Open main menu

Page:Popular Science Monthly Volume 72.djvu/185

This page has been proofread, but needs to be validated.
181
THE INSTINCT OF FEIGNING DEATH

Spiders usually feign by folding up their legs, dropping down and remaining motionless. The caterpillars of some of the geometrid moths have the curious habit of attaching themselves to a branch by their posterior legs and holding the body straight and stiff at an angle to the stem, thus forming a remarkably close resemblance to a short twig. Frequently the deceptiveness is increased by a marked similarity in color to that of the branch to which they are attached.

While in most cases a species has a particular attitude which it maintains when simulating death, there are some forms which feign in whatever posture they may be in when disturbed. A good example of this is afforded by the water-scorpion, Ranatra. This insect has the two hinder pairs of legs, which are employed in walking and swimming, very long and slender; the first pair are fitted for grasping the small aquatic animals on which it feeds and are carried straight out in front of the body. It is only necessary to pick one of these insects out of the water to throw it into a stiff, immobile condition which usually lasts several

PSM V72 D185 Ranatra water scorpion feigning death.png

Fig. 2 A Water scorpion, Ranatra, Feigning Death

minutes and sometimes for over an hour. The legs may be closely pressed to the body so that the creature resembles a stick, or they may stand out at right angles to it, or be bent in any position, some in one way and some in another, depending upon how they happen to lie when the feint began. And no matter how awkward the position, it is rigidly maintained until the feint wears off. I have found that young Ranatras, the first day they emerged from the egg and while their appendages were still soft and easily bent, showed the same death-feigning instinct as the adults, although they did not persist in it for so long a time. It is a curious fact that the mature insects can not by any sort of manipulation be caused to feign death while underwater; but as soon as it is in the air it can be caused to feign repeatedly; sometimes a slight touch is all that is necessary to throw it into a rigid state of an hour's duration.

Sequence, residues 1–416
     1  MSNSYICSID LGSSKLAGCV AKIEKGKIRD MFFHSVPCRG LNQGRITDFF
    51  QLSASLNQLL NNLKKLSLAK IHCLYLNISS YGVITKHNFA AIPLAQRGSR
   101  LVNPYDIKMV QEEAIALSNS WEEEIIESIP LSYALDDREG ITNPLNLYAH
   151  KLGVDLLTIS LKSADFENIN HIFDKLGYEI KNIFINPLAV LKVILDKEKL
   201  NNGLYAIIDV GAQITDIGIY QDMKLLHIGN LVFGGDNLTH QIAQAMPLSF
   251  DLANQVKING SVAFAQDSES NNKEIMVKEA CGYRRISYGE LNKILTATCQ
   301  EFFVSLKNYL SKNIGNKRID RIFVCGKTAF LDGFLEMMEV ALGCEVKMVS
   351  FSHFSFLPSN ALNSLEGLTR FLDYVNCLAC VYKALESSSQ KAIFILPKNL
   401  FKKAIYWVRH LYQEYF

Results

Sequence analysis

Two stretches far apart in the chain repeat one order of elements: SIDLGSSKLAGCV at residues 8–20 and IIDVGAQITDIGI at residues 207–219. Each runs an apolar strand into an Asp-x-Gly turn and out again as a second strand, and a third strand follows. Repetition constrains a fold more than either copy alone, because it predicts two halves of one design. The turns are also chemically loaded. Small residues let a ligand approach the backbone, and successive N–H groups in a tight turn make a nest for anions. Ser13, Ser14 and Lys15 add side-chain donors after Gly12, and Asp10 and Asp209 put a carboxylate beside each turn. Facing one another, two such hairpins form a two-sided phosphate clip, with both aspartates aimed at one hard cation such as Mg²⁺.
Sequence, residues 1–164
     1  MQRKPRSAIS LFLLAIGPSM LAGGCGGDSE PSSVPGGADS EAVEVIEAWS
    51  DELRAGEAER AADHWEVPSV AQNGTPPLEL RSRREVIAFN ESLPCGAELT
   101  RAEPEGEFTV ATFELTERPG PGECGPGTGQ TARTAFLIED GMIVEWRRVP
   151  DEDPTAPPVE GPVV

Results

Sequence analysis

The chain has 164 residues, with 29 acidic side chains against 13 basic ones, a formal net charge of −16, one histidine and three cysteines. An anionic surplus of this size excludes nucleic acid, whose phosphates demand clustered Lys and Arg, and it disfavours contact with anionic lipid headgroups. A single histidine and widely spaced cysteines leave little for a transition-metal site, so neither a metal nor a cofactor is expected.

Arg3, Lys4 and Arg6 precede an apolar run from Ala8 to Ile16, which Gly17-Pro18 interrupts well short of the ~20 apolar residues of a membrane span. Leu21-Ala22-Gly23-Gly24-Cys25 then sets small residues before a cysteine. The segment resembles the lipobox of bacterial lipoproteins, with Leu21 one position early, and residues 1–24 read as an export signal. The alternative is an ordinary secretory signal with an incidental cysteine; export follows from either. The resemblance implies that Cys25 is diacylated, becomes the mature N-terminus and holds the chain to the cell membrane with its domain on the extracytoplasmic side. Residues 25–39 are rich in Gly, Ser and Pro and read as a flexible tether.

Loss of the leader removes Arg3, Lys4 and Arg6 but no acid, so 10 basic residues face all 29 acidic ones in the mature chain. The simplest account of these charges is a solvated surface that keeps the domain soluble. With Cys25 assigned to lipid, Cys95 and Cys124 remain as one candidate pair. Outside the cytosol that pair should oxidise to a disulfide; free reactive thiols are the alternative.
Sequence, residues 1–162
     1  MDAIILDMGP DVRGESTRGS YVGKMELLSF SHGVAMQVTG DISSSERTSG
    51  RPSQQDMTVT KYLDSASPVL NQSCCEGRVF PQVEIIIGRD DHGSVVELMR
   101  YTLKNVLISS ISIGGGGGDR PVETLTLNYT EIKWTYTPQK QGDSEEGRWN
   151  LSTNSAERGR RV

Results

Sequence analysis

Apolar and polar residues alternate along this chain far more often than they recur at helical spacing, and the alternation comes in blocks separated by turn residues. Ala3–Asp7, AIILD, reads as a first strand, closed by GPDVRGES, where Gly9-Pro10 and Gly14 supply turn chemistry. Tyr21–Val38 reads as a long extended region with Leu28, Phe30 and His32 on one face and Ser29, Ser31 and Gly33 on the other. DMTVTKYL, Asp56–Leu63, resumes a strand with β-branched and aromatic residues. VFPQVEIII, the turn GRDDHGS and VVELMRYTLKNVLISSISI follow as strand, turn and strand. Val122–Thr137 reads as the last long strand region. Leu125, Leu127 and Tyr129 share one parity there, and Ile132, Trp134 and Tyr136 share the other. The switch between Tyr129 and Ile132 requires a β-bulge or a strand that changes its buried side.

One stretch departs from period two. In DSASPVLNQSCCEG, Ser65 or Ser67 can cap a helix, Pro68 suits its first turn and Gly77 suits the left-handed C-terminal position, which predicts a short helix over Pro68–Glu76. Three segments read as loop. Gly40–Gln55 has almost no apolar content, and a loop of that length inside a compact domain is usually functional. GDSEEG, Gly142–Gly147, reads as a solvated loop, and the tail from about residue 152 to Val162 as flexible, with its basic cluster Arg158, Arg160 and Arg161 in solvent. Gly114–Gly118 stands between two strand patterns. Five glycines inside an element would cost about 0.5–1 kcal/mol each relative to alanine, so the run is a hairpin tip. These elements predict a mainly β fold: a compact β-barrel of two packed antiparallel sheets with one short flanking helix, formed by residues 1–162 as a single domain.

Death feigning does not seem to occur among the lower invertebrate animals such as the Protozoa, Cœlenterates, Molluscs and worms, although some of them may exhibit reactions which are prophetic of this